Ömer Faruk Gergerlioğlu, a deputy from the Peoples’ Democratic Party (HDP), said during budget talks on Friday that a man who was abducted and tortured by Turkish intelligence in 2019 was forced to testify against him and Republican People’s Party (CHP) deputy Sezgin Tanrıkulu, the Stockholm Center for Freedom reported.
According to Gergerlioğlu, Yasin Ugan was forced to testify under torture that the two deputies were affiliated with the Gülen movement, a faith-based group inspired by Turkish cleric Fethullah Gülen that has been targeted by Turkish President Recep Tayyip Erdoğan since the corruption investigations of December 17-25, 2013, which implicated then-prime minister Erdoğan, his family members and his inner circle.
Dismissing the investigations as a Gülenist coup and conspiracy against his government, Erdoğan designated the movement as a terrorist organization and began to target its members. He intensified the crackdown on the movement following a coup attempt on July 15, 2016 that he accused Gülen of masterminding. Gülen and the movement strongly deny involvement in the abortive putsch or any terrorist activity.
According to Gergerlioğlu, Ugan was forced to sign a 58-page written testimony without reading the contents. “Both Sezgin Tanrıkulu and I are human rights advocates,” he said. “Nobody has the right to slander our reputation, and we will not be deterred from working for justice.”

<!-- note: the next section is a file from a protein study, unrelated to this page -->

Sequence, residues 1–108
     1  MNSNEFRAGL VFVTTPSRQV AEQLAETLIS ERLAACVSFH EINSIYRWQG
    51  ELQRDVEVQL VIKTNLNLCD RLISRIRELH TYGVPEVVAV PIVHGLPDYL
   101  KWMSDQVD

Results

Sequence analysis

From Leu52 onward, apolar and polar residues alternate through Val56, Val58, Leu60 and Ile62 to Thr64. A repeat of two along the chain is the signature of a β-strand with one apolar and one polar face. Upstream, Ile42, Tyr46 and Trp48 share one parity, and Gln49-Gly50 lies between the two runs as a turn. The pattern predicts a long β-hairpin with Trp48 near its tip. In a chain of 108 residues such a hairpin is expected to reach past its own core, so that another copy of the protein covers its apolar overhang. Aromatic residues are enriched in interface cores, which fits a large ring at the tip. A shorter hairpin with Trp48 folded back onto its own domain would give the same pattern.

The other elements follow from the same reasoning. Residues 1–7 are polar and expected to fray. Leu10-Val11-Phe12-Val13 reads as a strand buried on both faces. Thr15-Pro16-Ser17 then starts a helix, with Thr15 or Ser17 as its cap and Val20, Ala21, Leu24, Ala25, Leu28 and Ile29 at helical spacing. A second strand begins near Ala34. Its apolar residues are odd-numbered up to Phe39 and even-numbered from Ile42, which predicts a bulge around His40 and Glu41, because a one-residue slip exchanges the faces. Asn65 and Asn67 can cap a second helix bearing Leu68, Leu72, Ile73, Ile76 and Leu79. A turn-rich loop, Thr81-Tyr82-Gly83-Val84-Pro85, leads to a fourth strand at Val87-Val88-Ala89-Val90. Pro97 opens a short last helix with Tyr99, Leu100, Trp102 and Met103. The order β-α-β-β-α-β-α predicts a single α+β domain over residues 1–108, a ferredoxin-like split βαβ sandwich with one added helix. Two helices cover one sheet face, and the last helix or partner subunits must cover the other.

Ugan was abducted in Ankara on February 13, 2019 and was kept in detention without the knowledge of his family or lawyer for six months. At his first court hearing in June 2020, Ugan said he was brutally tortured in detention, during which he was made to wear a plastic bag over his head most of the time.
According to Ugan, there were times where he could hardly breathe, and he was only allowed to shower three times over the six months.
Nearly 30 people have been abducted by Turkish intelligence since 2016. Most of the abductions targeted members of the Gülen movement. Many of the abductees mysteriously reappeared in police custody in Ankara after six to nine-month absences. Apparently intimidated, most of them had kept their silence after their reappearance.
Speaking at a court hearing in February 2020, one of the abductees, Gökhan Türkmen, revealed that he had been held incommunicado at a black site in Ankara run by Turkey’s intelligence agency and subjected to severe torture during his 271-day stay. Türkmen was the object of threats and was sexually harassed and abused during his enforced disappearance. He also alleged that he was visited in prison and threatened no less than six times by officials who introduced themselves as intelligence officers, pressuring him to retract his allegations of abduction and torture made at the February hearing.
Yusuf Bilge Tunç, another former public servant, has been missing since August 2019. His family has accused authorities of not taking his case seriously and stalling the investigation.